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Optics Express

Optics Express

  • Editor: C. Martijn de Sterke
  • Vol. 20, Iss. 9 — Apr. 23, 2012
  • pp: 9919–9924
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10m/500Mbps WDM visible light communication systems

Wen-Yi Lin, Chia-Yi Chen, Hai-Han Lu, Ching-Hung Chang, Ying-Pyng Lin, Huang-Chang Lin, and Hsiao-Wen Wu  »View Author Affiliations


Optics Express, Vol. 20, Issue 9, pp. 9919-9924 (2012)
http://dx.doi.org/10.1364/OE.20.009919


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Abstract

A wavelength-division-multiplexing (WDM) visible light communiction (VLC) system employing red and green laser pointer lasers (LPLs) with directly modulating data signals is proposed and experimentally demonstrated. With the assistance of preamplifier and adaptive filter at the receiving sites, low bit error rate (BER) at 10m/500Mbps operation is obtained for each wavelength. The use of preamplifier and adaptive filter offer significant improvements for free-space transmission performance. Improved performance of BER of <10−9, as well as better and clear eye diagram were achieved in our proposed WDM VLC systems. LPL features create a new category of good performance with high-speed data rate, long transmission length (>5m), as well as easy handling and installation. This proposed WDM VLC system reveals a prominent one to present its advancement in simplicity and convenience to be installed.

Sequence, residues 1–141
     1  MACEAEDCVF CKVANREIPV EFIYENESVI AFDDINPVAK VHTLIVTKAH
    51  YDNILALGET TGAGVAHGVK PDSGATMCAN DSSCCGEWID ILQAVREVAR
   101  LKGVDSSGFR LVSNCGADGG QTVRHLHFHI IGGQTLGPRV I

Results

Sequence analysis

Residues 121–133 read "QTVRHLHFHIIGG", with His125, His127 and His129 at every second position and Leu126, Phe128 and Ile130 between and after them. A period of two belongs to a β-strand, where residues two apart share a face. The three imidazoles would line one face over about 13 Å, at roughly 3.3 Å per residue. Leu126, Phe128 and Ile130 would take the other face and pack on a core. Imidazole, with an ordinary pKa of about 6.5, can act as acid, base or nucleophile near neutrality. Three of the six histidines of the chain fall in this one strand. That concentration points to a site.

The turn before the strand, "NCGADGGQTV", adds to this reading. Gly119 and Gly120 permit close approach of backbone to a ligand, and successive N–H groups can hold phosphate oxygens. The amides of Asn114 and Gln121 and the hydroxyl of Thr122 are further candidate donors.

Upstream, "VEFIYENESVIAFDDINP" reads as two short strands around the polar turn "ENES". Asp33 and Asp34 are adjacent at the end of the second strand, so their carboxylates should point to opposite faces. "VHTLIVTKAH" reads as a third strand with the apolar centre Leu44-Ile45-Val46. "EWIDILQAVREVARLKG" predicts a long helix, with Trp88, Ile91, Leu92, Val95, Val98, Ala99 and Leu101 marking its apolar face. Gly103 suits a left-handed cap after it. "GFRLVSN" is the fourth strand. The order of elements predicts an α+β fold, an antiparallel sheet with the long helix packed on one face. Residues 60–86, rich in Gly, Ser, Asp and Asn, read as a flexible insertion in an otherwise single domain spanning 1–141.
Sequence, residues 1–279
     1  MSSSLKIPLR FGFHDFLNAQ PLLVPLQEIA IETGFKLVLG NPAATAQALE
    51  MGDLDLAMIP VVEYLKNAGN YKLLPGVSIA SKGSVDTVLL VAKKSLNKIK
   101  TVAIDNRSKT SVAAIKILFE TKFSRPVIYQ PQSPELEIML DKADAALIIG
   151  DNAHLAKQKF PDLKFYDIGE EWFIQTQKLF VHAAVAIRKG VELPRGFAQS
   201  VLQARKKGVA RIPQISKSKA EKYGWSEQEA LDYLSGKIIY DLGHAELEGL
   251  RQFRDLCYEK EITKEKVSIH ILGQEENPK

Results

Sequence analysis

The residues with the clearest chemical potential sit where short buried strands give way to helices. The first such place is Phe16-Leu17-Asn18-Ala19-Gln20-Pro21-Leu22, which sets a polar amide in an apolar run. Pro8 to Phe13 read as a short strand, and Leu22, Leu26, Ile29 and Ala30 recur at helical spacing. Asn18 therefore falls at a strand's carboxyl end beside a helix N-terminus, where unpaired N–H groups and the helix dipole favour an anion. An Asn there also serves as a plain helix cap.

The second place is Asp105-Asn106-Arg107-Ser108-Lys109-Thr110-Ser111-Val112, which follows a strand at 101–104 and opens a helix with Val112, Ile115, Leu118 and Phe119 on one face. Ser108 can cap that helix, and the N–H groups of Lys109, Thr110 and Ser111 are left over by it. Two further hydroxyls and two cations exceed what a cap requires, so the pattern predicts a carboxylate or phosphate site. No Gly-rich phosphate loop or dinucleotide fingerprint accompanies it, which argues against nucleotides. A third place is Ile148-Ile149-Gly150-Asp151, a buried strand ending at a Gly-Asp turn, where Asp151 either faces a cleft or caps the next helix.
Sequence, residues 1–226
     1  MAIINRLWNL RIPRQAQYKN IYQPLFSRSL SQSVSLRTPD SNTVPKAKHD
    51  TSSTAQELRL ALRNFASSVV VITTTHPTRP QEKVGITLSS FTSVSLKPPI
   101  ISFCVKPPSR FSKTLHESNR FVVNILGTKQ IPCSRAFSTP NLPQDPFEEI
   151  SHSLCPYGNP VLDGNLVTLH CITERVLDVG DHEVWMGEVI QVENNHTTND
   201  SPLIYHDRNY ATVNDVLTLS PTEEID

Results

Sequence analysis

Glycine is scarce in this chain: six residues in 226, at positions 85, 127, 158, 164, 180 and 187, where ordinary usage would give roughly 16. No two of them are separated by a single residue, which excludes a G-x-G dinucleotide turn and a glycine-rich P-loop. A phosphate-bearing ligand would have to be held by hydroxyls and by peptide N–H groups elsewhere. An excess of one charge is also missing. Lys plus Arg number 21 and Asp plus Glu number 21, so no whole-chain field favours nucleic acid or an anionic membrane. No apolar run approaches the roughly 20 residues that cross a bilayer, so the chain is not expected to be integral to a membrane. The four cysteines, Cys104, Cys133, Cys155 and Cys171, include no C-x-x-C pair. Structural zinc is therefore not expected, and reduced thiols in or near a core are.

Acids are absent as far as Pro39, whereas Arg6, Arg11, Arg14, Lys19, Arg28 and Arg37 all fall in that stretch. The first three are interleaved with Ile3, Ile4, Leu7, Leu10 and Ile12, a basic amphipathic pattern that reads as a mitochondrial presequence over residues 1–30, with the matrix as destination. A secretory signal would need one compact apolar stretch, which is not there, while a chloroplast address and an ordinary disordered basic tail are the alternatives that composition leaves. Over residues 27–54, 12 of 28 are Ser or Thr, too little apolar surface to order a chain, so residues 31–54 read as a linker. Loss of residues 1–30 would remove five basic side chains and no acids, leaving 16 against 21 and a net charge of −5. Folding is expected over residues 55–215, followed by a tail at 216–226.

© 2012 OSA

1. Introduction

2. Experimental setup

3. Experimental results and discussions

A schematic diagram of the preamplifier, in which a push-pull amplifier with bandwidth of 600 MHz, is illustrated in the Fig. 2
Fig. 2 A schematic diagram of the preamplifier (push-pull amplifier).
. Since the even-order harmonic distortions of systems can be eliminated dramatically by the push-pull amplifier, the preamplifier output can be given by
vo=a1vi+a3vi3+a5vi5
(1)
where vo is the preamplifier output voltage, vi is the preamplifier input voltage, and a1, a3, a5 are the amplitude coefficients (a3 and a5 are coefficients characterize nonlinearities). A VLC system with high order nonlinear distortions is expressed as
q=b1m+b3m3+b5m5
(2)
where q is system’s output voltage detected from PIN-PD, m is system’s input voltage, and b1, b3, b5 are the amplitude coefficients (b3 and b5 are coefficients characterize nonlinearities). It is clear that q is equal to vi, substituting Eq. (2) into Eq. (1) and neglecting higher order nonlinear terms, then yields

vo=(a1b1)m+(a1b3+a3b13)m3+(a1b5+a5b15)m5
(3)

While achieving linearity means cancelling out the nonlinear terms, an amplifier would have to cancel out the third-order nonlinear term. Setting the appropriate nonlinear coefficient to eliminate the third-order nonlinear term:

a1b3=a3b13
(4)

Then Eq. (3) can be changed as

vo=(a1b1)m+(a1b5+a5b15)m5
(5)